home Susbcribe About Us Contacts Past Issues Print this issue

Looking Ahead

Forages & Grains





Nursery & Forest

Degree Days

Volume 64 Number 3 Date 05/16/2019

SEEDCORN MAGGOT - First-generation fly emergence has peaked throughout the southern two-thirds of the state. Emergence should peak next week in areas north of Wausau, where 360 degree days (sine base 39F) will be surpassed. A key cultural control for SCM is to plant during "fly-free" pupal stage between generations, around 846 degree days. Beloit should reach the fly-free window by May 26, while flies in the Hancock area should begin pupating by June 2.

LATE BLIGHT - Potato growers are reminded that Wisconsin Administrative Code (ATCP 21.15(2)) requires potato cull piles to be fed, disked in, or otherwise removed by May 20 to prevent late blight from developing on volunteer plants. This disease was significantly less prevalent last season than in 2017. Three counties--Adams, Marquette and Waushara--had confirmed cases in 2018 compared to 13 counties the year before.

ONION MAGGOT - Flies of the first and most damaging generation will likely begin emerging next week in southern Wisconsin. Preventive measures, including crop rotation and removal of onion cull piles, are particularly important for minimizing risk of infestation. Granular furrow treatments offer good control, provided the rate is correct and the insecticide is properly applied in the furrow at seeding. Chemical control may be appropriate if maggot damage to the last season's crop exceeded 5-10%. For home gardeners, rotating this year's onion plantings as far as possible from last year's is suggested to reduce the threat of maggot damage.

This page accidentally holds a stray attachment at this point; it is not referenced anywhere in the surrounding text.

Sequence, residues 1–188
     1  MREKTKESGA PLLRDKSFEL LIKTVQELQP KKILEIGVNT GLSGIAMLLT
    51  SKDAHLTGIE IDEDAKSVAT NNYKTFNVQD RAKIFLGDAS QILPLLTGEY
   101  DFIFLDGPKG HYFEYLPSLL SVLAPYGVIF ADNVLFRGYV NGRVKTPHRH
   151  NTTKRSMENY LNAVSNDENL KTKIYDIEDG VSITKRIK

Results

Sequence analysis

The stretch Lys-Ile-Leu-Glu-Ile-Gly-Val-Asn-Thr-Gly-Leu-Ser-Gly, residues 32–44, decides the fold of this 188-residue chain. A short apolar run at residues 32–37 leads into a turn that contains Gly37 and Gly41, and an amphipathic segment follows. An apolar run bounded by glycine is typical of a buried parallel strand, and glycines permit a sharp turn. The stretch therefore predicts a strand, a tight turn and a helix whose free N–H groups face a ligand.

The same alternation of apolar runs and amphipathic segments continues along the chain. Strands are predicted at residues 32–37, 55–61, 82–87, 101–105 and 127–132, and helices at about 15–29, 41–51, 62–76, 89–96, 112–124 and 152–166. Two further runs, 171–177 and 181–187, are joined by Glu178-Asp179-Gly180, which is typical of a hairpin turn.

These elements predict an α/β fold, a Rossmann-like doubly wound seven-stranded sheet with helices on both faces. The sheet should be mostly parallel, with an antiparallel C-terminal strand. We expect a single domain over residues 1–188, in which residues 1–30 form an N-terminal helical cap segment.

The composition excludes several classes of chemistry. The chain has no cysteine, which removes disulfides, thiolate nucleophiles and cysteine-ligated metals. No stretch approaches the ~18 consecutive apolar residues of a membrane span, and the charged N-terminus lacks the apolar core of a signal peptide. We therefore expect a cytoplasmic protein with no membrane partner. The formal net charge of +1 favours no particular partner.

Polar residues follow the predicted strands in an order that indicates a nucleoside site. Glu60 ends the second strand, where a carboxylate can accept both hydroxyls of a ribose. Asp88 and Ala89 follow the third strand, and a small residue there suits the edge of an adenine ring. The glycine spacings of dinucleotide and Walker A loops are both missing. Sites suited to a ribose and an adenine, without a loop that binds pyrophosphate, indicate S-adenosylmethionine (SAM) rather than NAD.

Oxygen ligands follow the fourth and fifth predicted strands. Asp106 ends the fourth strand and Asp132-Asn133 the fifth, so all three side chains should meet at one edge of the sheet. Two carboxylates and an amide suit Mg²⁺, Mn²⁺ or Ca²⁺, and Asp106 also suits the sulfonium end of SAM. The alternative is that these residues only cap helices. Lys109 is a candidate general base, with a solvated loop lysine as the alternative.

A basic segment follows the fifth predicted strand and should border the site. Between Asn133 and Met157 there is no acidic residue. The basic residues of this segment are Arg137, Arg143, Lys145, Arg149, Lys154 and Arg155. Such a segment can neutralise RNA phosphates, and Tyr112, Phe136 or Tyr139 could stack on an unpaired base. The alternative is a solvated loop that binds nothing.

WIREWORM - The cool, wet soils prevalent this spring are favorable for wireworms, subterranean pests with a broad host range that includes beans, beets, cabbage, carrots, corn, lettuce, onion, peas, potatoes, radishes, sorghum, soybeans, as well as herbaceous ornamentals. Wireworm larvae feed on seeds and on the roots of plants, impairing germination and causing plants to wilt. One indicator of wireworm activity is dead spots scattered throughout a planting. In situations where wireworm feeding is suspected, growers should dig up several ungerminated seeds or wilted plants from affected areas to verify wireworm larvae as the causal pest.

-- Krista Hamilton, DATCP Entomologist